The destination management companies (DMCs) and tour operators involved in this initiative will also no longer work with any elephant camp that refuses to be audited or assessed as complete transparency is needed in all aspects of the operations to gauge and ensure responsible practices are indeed in place. Thus financial gains are directed to those working on improving and ensuring the long term welfare of their captive elephants and staff and not to those operating unethically or purely for profit or under false (animal welfare) pretences.

So yes, elephants in captivity is an ethical concern under current circumstances but by working together and using tourism as a powerful tool in the right way, we can ensure the long-term quality if life of thousands of captive elephants throughout Asia and provide clients with an inspiring experience, whilst improving the lives of all involved and preserving local culture and heritage.

Animal welfare auditor and advisor training (Chiang Mai, August 2017)

For more information please contact:

PATA Sustainability: ssr@PATA.org
Travelife for Tour Operators: info@travelife.info
Asian Captive Elephant Working Group: http://acewg.org

Resources

http://sustain.pata.org/interview-dr-andrew-mclean-human-elephant-learning-program/

Statement

http://sustain.pata.org/captive-elephant-welfare-initiative/

http://acewg.org/news/

www.travelife.info/index_new.php?menu=projects&lang=en

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The International Conference on Community Development through Tourism, held in Phnom Penh, Cambodia from 16-17 September 2014, organized by the Royal Government of Cambodia, in collaboration with the United Nations World Tourism Organization (UNWTO), the United Nations Educational, Scientific and Cultural Organization (UNESCO), the Pacific Asia Travel Association (PATA) and the University of the Sunshine Coast (USC).

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In Sri Lanka, home composting is promoted in many municipalities as a simple and low-cost solution to emerging waste disposal problems in the present day society. Produced by Practical Action South Asia, this technical brief is intended to disseminate the technology of concrete composting bin fabrication.

by www.practicalaction.org
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Singapore, Macau and Taiwan take the lead

Sustainability for the business events industry in Asia is taking time to take hold. A lot of events people have good intentions and while we are seeing signs of acceptance of the importance of sustainability, there’s a need for less talk and more action. Ken Hickson. Read more.

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In 1998, the need to develop guidelines for tourism where heritage places are involved was identified. This followed recognition that there needed to be a stronger bridge between tourism industry codes of practice and heritage conservation principles.

by Australian Heritage Commission and Sustainable Tourism CRC

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This project seeks to address the lack of knowledge and develop guidelines for assessing the viability of new and existing user-pays systems for protected areas in Australia.

by Michael Hughes, Jack Carlsen, Gary Crilley, Samantha King, Diane Lee and Gail Kennedy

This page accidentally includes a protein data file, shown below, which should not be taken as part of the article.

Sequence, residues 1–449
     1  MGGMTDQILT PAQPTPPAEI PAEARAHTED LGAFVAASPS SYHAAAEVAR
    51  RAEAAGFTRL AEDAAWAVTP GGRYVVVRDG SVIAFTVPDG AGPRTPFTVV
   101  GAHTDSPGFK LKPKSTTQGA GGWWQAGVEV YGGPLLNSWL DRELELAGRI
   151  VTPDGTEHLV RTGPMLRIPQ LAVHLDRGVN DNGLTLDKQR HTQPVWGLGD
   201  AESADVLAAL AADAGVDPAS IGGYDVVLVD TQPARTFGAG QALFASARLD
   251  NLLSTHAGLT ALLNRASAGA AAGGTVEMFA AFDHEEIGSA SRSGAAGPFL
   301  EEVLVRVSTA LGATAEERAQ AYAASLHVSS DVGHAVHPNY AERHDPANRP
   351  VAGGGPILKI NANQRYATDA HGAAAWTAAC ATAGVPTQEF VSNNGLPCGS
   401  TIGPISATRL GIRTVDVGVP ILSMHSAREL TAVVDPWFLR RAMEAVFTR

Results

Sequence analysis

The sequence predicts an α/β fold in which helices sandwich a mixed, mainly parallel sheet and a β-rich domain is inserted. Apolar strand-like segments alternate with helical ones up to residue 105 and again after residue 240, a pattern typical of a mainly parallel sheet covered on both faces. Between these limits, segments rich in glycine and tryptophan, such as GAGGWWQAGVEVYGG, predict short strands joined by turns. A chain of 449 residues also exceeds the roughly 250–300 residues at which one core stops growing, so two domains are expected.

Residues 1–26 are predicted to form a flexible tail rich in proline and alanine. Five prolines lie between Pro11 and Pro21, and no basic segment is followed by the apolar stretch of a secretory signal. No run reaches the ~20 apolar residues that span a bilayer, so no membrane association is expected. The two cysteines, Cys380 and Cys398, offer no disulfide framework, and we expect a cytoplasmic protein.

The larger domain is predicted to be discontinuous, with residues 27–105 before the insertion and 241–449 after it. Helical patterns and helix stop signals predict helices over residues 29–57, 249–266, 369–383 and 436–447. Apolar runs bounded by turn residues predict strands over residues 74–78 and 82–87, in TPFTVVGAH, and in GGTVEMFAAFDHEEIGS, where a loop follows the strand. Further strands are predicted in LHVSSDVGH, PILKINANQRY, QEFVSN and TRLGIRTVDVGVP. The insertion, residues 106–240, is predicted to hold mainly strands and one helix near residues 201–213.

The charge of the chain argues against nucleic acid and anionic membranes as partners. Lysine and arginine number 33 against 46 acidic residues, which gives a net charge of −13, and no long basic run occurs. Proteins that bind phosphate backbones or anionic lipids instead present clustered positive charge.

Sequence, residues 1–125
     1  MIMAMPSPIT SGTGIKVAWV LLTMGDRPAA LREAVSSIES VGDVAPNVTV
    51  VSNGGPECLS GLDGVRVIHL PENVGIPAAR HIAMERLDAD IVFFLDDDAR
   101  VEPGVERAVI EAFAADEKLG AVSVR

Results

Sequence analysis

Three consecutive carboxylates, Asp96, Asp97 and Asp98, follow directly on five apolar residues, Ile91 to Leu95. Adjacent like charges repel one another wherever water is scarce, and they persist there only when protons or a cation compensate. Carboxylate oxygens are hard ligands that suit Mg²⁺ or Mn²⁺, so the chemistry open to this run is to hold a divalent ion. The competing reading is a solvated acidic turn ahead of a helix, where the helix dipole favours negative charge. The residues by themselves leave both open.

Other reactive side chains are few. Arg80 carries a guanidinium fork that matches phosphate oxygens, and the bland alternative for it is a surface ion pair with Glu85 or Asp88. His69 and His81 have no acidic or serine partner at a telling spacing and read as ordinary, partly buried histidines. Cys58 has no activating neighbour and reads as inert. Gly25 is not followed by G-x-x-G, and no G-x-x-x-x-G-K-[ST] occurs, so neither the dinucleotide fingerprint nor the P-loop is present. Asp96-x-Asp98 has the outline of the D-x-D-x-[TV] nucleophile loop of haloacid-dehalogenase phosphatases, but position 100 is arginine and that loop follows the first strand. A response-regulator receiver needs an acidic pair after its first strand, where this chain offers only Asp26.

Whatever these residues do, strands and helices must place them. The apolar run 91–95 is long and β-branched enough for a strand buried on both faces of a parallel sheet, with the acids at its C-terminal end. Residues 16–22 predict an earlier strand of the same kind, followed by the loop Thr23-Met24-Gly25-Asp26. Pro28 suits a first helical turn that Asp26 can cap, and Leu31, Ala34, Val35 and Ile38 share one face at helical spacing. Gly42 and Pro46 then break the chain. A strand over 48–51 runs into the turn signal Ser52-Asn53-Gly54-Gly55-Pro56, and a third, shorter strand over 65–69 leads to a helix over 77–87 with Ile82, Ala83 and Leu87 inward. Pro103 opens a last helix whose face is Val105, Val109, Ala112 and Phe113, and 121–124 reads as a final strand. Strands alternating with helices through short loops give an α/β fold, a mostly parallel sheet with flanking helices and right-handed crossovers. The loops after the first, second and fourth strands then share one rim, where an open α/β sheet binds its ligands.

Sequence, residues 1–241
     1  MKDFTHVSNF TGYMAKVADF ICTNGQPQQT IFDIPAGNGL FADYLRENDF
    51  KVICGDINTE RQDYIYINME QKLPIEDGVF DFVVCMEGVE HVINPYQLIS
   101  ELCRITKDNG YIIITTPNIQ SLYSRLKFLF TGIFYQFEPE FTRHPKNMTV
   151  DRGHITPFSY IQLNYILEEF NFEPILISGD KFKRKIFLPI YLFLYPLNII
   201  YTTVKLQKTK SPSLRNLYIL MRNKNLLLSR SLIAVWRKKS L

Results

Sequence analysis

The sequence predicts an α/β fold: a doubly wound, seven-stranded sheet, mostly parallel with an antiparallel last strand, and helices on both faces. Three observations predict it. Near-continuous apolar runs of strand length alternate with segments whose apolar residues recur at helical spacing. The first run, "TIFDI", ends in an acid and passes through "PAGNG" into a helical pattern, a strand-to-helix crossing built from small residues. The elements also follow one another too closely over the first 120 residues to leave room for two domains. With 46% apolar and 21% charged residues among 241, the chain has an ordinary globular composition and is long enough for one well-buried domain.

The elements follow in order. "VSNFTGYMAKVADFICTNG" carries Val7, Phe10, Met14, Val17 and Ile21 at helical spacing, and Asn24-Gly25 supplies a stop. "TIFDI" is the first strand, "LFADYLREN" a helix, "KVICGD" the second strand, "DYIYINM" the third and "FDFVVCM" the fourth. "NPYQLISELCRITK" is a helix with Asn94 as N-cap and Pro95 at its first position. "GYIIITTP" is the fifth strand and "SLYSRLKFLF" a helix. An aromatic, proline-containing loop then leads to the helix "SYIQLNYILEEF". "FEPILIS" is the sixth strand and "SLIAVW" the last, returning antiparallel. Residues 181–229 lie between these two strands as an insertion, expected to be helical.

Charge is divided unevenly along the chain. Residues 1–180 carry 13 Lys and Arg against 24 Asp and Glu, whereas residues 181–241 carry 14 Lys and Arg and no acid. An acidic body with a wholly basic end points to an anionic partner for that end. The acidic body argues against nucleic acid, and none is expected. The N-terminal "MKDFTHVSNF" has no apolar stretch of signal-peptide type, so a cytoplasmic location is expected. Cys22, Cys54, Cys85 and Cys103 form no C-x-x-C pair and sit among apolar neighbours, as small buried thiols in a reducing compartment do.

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Good Practice User-Pays Systems for Protected Areas

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The study aimed to develop a digital interactive to enrich visitor experiences at heritage tourism sites. It also developed a suite of guidelines to allow heritage tourism operators (and heritage managers) to operate a similar interactive module at heritage sites throughout Australia.

by Celmara Pocock, Marion Stell, Lucy Frost, Julia Crozier and Simon Ancher

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Guidelines for Design and Implementation of Monitoring Programs to Assess Visitor Impacts in and Around Aquatic Ecosystems within Protected Areas

Categories: Land, Monitoring & Evaluation, Report, Survey, Visitors, Water
Comments Off on Guidelines for Design and Implementation of Monitoring Programs to Assess Visitor Impacts in and Around Aquatic Ecosystems within Protected Areas

This report documents the design, implementation, analysis and interpretation of field trials of indicators that were selected to assess visitor impacts in and around focal swimming holes.

by Wade L. Hadwen, Angela H. Arthington and Paul I. Boon

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This report provides an evaluation of existing organised opportunities for viewing free-ranging kangaroos in Australia and provides recommendations for best practice. “Kangaroo” is used as shorthand for any of the 60 or so species of the superfamily Macropodoidea.

by Karen Higginbottom, Ronda Green, Neil Leiper, Gianna Moscardo, Andrew Tribe and Ralf Buckley

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Evaluation of Organised Tourism Involving Wild Kangaroos

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This  best practice manual concentrates specifically on the procedures of dolphin swim-tour operations. It is a knowledge product developed from the research findings of the technical report Best Practice and Interpretation Tourist/Wildlife Encounters: A Wild Dolphin Swim Tour Example.

by Fleur ONeill, Sam Barnard and Diane Lee

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Best Practice Guidelines for Dolphin Swim Tour Operations Industry Manual : A Dolphin Discovery Center Example